Why Tell the Truth (When It's Easier to Lie) / Worry About It Later

by Brakes on FatCat Records

Released 09/11/2009

Brighton’s Brakes follow up their first full-length album for FatCat (April 2009’s ‘Touchdown’) with this double-A side: bitingly witty and musically vibrant in equal measure. The two tracks were recorded – along with the rest of the album from which they are taken – by The Delgados’ Paul Savage at the legendary Chem 19 Studios in Scotland and mastered by the equally legendary Alan Douches at West West Side.

Former British Sea Power keyboard player Eamon Hamilton put Brakes together in 2003 with the help of friends and collaborators Tom and Alex White (of Electric Soft Parade) and Marc Beatty (of The Tenderfoot). According to Hamilton’s own account “the immortal words ‘let’s form a band’” were the inimitable starting place of Brakes. Hamilton’s band members helped form his solo songs into a blend (to quote Hamilton again) “of Johnny Cash, the Clash, the Pixies and Woody Guthrie”. After two albums for Rough Trade Records (2005’s ‘Give Blood’ and 2006’s ‘The Beatific Visions’) – both of which critically-acclaimed, devilishly-astute reactions to the world Hamilton idiosyncratically inhabits – and a lot (a lot) of touring, 2008 saw Brakes find a new home with FatCat and an album release in ‘Touchdown’ (released on April 20th). Released on 7” and digital, ‘Why Tell The Truth (When It's Easier To Lie)? / Worry About It Later’ is the third single from that album.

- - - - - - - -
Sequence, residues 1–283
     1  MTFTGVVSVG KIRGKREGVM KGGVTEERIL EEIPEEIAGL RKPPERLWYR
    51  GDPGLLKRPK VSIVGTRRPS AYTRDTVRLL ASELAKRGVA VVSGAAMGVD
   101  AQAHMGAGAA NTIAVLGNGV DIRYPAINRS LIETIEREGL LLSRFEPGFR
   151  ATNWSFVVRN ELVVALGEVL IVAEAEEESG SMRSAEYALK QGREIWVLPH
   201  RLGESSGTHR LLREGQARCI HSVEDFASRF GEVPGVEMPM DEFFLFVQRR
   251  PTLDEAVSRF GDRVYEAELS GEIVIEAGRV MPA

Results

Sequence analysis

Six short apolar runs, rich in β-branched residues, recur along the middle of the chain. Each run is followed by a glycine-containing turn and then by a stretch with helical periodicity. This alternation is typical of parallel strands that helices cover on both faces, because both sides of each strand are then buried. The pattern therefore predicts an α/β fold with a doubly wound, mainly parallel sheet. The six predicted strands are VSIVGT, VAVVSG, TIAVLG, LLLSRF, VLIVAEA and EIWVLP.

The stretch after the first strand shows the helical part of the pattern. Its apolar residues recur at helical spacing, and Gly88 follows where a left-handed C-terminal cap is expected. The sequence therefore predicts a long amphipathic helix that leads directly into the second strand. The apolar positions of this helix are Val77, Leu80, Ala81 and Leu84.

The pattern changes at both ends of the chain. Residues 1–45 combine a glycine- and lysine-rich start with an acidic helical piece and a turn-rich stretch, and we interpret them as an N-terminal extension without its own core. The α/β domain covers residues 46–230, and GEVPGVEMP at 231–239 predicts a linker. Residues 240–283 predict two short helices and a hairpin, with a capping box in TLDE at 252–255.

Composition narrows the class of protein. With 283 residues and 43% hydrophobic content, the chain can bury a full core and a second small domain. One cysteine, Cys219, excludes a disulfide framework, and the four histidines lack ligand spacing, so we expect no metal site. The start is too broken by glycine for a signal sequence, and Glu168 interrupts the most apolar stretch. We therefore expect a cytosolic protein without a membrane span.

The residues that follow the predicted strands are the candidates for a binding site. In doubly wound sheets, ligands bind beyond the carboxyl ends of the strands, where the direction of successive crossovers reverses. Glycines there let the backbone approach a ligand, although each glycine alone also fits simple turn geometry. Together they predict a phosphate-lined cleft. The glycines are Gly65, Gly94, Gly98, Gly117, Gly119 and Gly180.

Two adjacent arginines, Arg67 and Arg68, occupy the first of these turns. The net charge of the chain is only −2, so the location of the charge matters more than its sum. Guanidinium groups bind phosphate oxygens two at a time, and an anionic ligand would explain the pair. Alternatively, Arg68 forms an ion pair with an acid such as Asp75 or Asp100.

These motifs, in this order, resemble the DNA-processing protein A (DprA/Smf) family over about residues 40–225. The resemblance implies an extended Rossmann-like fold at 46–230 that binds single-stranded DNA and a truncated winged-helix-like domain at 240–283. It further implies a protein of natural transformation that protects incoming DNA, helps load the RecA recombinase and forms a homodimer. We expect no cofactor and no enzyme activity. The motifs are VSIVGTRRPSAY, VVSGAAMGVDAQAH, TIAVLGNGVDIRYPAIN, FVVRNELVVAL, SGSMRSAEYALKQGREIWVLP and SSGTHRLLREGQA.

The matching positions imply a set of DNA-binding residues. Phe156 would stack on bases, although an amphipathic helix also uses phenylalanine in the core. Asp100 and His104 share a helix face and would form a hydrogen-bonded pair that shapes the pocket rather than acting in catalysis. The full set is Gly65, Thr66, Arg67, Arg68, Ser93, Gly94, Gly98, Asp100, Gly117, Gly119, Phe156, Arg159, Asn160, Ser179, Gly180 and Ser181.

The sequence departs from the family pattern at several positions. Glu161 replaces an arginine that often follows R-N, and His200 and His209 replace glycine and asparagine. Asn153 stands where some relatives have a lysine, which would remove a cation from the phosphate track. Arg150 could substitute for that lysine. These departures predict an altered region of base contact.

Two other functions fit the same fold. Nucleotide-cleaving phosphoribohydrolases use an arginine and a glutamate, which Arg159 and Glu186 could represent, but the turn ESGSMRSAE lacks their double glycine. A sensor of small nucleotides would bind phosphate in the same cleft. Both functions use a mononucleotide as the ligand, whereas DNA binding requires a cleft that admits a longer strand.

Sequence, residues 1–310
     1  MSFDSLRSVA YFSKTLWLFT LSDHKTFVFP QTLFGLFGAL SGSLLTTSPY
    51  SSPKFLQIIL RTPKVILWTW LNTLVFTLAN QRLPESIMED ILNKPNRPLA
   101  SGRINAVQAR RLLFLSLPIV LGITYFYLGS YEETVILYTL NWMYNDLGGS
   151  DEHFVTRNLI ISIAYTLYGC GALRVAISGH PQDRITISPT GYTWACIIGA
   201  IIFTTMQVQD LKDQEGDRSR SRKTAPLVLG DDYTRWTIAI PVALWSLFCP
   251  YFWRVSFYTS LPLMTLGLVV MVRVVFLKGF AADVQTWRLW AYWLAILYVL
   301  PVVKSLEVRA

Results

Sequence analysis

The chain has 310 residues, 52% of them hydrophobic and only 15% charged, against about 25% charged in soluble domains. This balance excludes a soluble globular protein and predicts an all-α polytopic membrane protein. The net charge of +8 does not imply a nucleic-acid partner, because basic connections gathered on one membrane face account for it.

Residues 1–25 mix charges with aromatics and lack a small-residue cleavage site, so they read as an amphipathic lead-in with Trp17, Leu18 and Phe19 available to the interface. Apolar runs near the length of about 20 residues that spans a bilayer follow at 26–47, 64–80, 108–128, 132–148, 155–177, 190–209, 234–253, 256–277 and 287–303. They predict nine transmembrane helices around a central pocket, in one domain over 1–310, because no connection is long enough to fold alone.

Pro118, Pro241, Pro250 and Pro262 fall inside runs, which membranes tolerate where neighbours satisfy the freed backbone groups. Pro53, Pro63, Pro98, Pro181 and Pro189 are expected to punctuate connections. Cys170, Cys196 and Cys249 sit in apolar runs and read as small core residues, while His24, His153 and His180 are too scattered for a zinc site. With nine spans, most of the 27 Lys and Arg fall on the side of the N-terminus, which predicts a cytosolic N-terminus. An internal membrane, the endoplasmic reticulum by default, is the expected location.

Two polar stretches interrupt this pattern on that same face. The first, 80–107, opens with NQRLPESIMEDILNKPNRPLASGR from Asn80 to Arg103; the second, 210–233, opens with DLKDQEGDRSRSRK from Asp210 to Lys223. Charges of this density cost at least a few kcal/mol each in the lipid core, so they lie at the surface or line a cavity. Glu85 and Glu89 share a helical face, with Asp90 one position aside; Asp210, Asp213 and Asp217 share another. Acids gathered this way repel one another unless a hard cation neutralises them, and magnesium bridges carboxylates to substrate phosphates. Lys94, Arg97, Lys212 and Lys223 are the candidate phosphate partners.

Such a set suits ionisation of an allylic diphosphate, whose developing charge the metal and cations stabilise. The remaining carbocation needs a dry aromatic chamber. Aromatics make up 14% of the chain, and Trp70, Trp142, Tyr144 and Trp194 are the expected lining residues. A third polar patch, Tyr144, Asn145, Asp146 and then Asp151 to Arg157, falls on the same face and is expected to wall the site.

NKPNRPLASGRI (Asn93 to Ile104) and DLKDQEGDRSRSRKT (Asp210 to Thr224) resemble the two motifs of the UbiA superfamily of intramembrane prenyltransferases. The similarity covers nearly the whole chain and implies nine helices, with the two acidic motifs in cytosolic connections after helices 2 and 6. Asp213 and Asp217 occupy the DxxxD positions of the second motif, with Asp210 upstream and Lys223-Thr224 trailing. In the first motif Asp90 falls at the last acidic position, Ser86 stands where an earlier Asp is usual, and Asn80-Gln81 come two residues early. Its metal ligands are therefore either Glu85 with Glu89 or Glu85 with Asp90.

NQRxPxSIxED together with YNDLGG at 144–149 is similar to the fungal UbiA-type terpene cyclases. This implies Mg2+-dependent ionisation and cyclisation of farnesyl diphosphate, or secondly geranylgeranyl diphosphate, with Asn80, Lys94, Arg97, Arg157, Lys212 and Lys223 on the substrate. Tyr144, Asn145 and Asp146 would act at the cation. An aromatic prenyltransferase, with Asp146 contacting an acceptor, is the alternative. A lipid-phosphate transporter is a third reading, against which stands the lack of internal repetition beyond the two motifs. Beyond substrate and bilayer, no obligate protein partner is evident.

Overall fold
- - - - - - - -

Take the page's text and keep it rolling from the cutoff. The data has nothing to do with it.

Explaining the A-side title, Eamon says - “I went 75p overdrawn on my bank account, but was out of the country for a few days. By the time I realised I’d gone overdrawn, the bank had charged me £75. £75!!!!! Morally f***king WRONG. They were basically asking me to bail them out of their financial crisis.”

Opening with a sprightly acoustic guitar riff, “Why Tell The Truth…” demonstrates Brakes’ ability to ingest era-spanning influences and weave them effortlessly into something innovative and expressive without ever dropping their unique sense of identity or articulation: the spirits of country and folk music are both present in the track’s joyously anti-consumerist lyrical themes and in its instrumentation, held together with the energy of punk and the eccentricity of a Pixies-esque squall.

The self-produced video for “Why Tell The Truth…” sees Eamon playing two characters: a sharp-suited, mustachioed, eye-patched Wall St. banker, and a ragged, homeless bum with a guitar as his sole possession. It is hilarious, sharp and affecting.

The AA-side is something quite different: a bright, skipping, summery chord sequence and an understated vocal delivery from Eamon yields a perfect demonstration of Brakes’ ability to combine sweetness with might (“Worry About It Later” is largely the former, but not lacking in the latter). The track is charming and engaging and delivered with an amazingly serene conviction. Uncharacteristally quiet about the song’s meaning, Eamon writes that the track is “self-explanatory” in his Touchdown-accompanying notes. Not coincidentally, the lyrics are darkly droll and enchantingly humoured, genuinely touching and poetically unrevealing.

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